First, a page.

$name->part ('jr');	       # returns list ()

       (We'll omit the empty parts in the rest of the examples:	just assume
       that any	unmentioned part is an empty list.)  If	more than two tokens
       are included and	there's	no comma, they'll go to	the first name:	thus
       "John Q.	Smith" splits into

	  first	=> ("John", "Q."))
	  last	=> ("Smith")

       and "J. R. R. Tolkein" into

	  first	=> ("J.", "R.",	"R.")
	  last	=> ("Tolkein")

       The ambiguous name "Kevin Philips Bong" splits into

	  first	=> ("Kevin", "Philips")
	  last	=> ("Bong")

       which may or may	not be the right thing,	depending on the particular
       person.	There's	no way to know though, so if this fellow's last	name
       is "Philips Bong" and not "Bong", the string representation of his name
       must disambiguate.  One possibility is "Philips Bong, Kevin" which
       splits into

	  first	=> ("Kevin")
	  last	=> ("Philips", "Bong")

       Alternately, "Kevin {Philips Bong}" takes advantage of the fact that
       tokes are only split on whitespace at brace-level zero, and becomes

	  first	=> ("Kevin")
	  last	=> ("{Philips Bong}")

       which is	fine if	your names are destined	to be processed	by TeX,	but
       might be	problematic in other contexts.	Similarly, "St John-Mollusc,
       Oliver" becomes

	  first	=> ("Oliver")
	  last	=> ("St", "John-Mollusc")

       which can also be written as "Oliver {St	John-Mollusc}":

	  first	=> ("Oliver")
	  last	=> ("{St John-Mollusc}")

       Since tokens are	separated purely by whitespace,	hyphenated names will
       work either way:	both "Nigel Incubator-Jones" and "Incubator-Jones,
       Nigel" come out as

	  first	=> ("Nigel")
	  last	=> ("Incubator-Jones")

       Multi-token last	names with lowercase components	-- the "von part" --
       work fine: both "Ludwig van Beethoven" and "van Beethoven, Ludwig"
       parse (correctly) into

	  first	=> ("Ludwig")
	  von	=> ("van")
	  last	=> ("Beethoven")

       This allows these European aristocratic names to	sort properly, i.e.
       van Beethoven under B rather than v.  Speaking of aristocratic European
       names, "Charles Louis Xavier Joseph de la Vall{\'e}e Poussin" is
       handled just fine, and splits into

	  first	=> ("Charles", "Louis",	"Xavier", "Joseph")
	  von	=> ("de", "la")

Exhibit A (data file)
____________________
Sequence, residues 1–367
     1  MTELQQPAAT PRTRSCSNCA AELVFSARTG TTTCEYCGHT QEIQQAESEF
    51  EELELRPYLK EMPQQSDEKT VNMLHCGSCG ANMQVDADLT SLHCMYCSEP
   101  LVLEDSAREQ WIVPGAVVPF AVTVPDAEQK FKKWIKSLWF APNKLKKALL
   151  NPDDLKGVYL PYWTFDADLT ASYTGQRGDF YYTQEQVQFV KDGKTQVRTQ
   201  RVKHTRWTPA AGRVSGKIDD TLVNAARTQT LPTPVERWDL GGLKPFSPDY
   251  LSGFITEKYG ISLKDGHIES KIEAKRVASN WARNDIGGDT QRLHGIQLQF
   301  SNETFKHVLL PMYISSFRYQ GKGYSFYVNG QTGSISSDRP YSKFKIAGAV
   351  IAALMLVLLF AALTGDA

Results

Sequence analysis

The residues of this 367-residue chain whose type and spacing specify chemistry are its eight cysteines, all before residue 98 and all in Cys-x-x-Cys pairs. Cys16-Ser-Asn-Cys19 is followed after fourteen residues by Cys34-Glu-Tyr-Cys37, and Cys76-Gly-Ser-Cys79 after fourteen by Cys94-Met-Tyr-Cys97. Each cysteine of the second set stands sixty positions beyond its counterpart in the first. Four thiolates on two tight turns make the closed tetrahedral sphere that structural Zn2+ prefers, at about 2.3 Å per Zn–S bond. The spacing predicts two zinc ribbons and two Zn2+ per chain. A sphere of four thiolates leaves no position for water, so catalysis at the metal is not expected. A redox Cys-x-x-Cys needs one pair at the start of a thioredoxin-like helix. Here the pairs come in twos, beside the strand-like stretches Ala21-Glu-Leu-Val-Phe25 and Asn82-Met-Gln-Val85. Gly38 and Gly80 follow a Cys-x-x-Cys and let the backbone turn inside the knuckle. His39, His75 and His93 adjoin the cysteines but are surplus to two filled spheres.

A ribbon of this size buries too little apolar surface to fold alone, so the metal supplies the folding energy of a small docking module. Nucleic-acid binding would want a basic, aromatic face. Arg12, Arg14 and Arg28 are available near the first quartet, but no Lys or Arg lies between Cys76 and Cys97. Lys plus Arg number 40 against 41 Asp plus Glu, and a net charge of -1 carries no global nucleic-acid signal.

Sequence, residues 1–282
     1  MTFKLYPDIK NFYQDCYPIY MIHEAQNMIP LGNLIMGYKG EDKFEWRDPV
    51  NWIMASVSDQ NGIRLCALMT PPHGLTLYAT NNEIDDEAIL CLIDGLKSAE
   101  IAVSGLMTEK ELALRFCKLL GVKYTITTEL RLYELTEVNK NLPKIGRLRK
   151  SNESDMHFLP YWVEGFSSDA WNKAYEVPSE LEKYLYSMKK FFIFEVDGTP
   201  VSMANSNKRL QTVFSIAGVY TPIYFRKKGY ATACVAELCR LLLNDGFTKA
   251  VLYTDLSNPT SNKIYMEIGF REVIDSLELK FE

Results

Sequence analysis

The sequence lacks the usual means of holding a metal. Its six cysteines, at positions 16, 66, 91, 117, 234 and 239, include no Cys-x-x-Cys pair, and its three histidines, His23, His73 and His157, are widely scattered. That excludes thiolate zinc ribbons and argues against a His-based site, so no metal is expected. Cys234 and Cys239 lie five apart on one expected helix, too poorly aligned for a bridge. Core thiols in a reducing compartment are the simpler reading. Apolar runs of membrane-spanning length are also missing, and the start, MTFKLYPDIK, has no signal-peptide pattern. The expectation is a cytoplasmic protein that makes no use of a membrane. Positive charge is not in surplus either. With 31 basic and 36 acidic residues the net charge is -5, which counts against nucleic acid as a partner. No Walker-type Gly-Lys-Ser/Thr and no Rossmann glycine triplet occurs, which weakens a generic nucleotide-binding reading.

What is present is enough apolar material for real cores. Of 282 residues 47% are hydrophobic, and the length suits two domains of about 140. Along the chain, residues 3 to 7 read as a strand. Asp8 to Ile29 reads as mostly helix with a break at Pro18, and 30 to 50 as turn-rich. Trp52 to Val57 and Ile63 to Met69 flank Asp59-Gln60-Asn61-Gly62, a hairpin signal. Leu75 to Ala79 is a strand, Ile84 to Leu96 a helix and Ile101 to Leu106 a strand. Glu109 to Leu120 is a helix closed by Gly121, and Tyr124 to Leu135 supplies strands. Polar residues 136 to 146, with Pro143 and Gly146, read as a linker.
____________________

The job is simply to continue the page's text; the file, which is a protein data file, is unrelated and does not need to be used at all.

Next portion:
last	=> ("Vall{\'e}e", "Poussin")

       so could	be sorted under	V rather than d.  (Note	that the sorting
       algorithm in Text::BibTeX::BibSort is a slavish imitiation of BibTeX
       0.99, and therefore does	the wrong thing	with these names: the sort key
       starts with the "von" part.)

       However,	capitalized "von parts"	don't work so well: "R.	J. Van de
       Graaff" splits into

	  first	=> ("R.", "J.",	"Van")
	  von	=> ("de")
	  last	=> ("Graaff")

       which is	clearly	wrong.	This name should be represented	as "Van	de
       Graaff, R. J."

	  first	=> ("R.", "J.")
	  last	=> ("Van", "de", "Graaff")

       which is	probably right.	 (This particular Van de Graaff	was an
       American, so he probably	belongs	under V	-- which is where my (British)
       dictionary puts him.  Other Van de Graaff's mileages may	vary.)

       Finally,	many names include a suffix: "Jr.", "III", "fils", and so
       forth.  These are handled, but with some	limitations.  If there's a
       comma before the	suffix (the usual U.S. convention for "Jr."), then the
       name should be in last, jr, first form, e.g. "Doe, Jr., John" comes out
       (correctly) as

	  first	=> ("John")
	  last	=> ("Doe")
	  jr	=> ("Jr.")

       but "John Doe, Jr." is ambiguous	and is parsed as

	  first	=> ("Jr.")
	  last	=> ("John", "Doe")

       (so don't do it that way).  If there's no comma before the suffix --
       the usual for Roman numerals, and occasionally seen with	"Jr." -- then
       you're stuck and	have to	make the suffix	part of	the last name.	Thus,
       "Gates III, William H." comes out

	  first	=> ("William", "H.")
	  last	=> ("Gates", "III")